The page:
Music of the gods
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Pandit Jasraj, who passed away in New Jersey aged 90, was one of the last great Hindustani classical vocalists. Birbal My Brother, a nondescript ( lacking distinctive or interesting features or characteristics ) film released in 1975, has a jugalbandhi of Pandit Bhimsen Joshi and Jasraj. For years, admirers ( a person who has a particular regard for someone or something ) have argued over who fared ( perform in a specified way in a particular situation or over a particular period ) better in this rare Malkauns: Joshi, the Kirana gharana legend or Jasraj, the Mewati gharana master who was eight years junior to Joshi?
There is no conclusive answer because both the musicians refused to confine ( keep or restrict someone or something within certain limits of (space, scope, or time) ) themselves in their gharanas ( (in South Asia) any of the various specialist schools or methods of classical music or dance ) and included what they liked in other schools to embellish ( make (something) more attractive by the addition of decorative details or features ) their own personal styles.
Like Joshi, Jasraj too didn’t consider music an elite art. He added elements of the thumri to the khayal, giving the latter more malleability ( capable of being shaped, as by hammering or pressing ) and making it more audience-friendly. This would have been considered blasphemous ( sacrilegious against God or sacred things; profane ) half a century ago, when the khayal ( a traditional type of song from the northern part of the Indian subcontinent, with instrumental accompaniment and typically having two main stanzas ) was serious business and the bandish would be sung with a certain indifference.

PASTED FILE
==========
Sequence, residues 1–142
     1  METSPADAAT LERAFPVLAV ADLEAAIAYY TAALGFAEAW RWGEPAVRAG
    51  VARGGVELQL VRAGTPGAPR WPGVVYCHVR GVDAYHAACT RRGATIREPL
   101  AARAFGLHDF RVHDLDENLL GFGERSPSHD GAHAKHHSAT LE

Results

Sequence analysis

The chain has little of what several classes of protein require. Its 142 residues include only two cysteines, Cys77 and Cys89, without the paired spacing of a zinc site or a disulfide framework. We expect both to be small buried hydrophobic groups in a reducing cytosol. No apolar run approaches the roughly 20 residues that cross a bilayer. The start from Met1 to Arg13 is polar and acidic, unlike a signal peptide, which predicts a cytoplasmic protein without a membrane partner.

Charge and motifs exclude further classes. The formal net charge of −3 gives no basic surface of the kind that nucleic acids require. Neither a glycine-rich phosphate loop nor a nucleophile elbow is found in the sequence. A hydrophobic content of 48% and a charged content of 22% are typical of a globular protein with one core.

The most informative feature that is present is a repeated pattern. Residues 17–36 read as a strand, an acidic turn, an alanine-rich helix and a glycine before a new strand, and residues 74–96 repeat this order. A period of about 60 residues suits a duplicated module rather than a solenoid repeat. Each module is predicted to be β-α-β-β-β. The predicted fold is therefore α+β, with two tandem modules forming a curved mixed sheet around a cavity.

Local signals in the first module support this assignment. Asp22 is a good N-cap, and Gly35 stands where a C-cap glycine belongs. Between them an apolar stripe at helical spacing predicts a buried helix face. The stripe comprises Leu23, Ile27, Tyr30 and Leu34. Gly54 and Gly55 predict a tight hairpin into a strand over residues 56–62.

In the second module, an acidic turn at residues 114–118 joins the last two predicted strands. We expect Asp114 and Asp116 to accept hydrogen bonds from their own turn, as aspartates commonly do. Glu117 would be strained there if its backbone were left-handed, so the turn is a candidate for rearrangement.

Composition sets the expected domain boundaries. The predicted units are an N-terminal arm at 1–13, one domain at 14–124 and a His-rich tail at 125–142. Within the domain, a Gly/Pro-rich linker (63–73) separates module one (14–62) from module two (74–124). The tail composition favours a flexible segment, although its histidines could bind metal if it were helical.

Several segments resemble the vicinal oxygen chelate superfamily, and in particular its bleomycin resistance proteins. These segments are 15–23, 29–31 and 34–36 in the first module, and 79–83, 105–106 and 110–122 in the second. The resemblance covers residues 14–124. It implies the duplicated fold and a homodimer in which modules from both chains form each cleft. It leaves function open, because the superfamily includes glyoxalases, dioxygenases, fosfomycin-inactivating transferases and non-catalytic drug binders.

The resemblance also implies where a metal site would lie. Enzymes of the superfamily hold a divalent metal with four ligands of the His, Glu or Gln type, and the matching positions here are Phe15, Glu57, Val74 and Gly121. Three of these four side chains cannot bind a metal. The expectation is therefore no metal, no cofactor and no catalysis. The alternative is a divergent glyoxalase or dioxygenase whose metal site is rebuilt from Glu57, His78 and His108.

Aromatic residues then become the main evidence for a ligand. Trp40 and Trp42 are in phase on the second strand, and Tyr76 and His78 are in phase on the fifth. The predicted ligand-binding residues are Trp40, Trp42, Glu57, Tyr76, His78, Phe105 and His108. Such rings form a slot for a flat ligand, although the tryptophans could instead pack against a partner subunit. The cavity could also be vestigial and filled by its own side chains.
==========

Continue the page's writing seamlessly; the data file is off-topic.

He brought haveli sangeet to the stage and introduced Jasrangi — the male-female duet in different ragas — in concert platforms. He also added bhajans to his repertoire ( the whole body of items which are regularly performed), which enabled him to reach a wider audience.His initial training was in tabla. But when a senior musician questioned his knowledge of music by saying he only “pounded dead flesh”, a hurt Jasraj decided to master vocal music. And master he did. The audience loved him.
How could he, drawn to music in his childhood by the voice of the great Begum Akhtar, not be sensitive to his audience? He was friendly with them, never high strung ( hang (something) so that it stretches in a long line ) and impatient ( having or showing a tendency to be quickly irritated or provoked), unlike many of his illustrious contemporaries. He would oblige ( make (someone) legally or morally bound to do something ) their farmaish and sing popular pieces such as Mata Kalika and Mero Allah Meherbaan. His singing evoked the feeling of being in a place of worship, a space with a heightened level of energy, where God sat with us and listened to the music in admiration.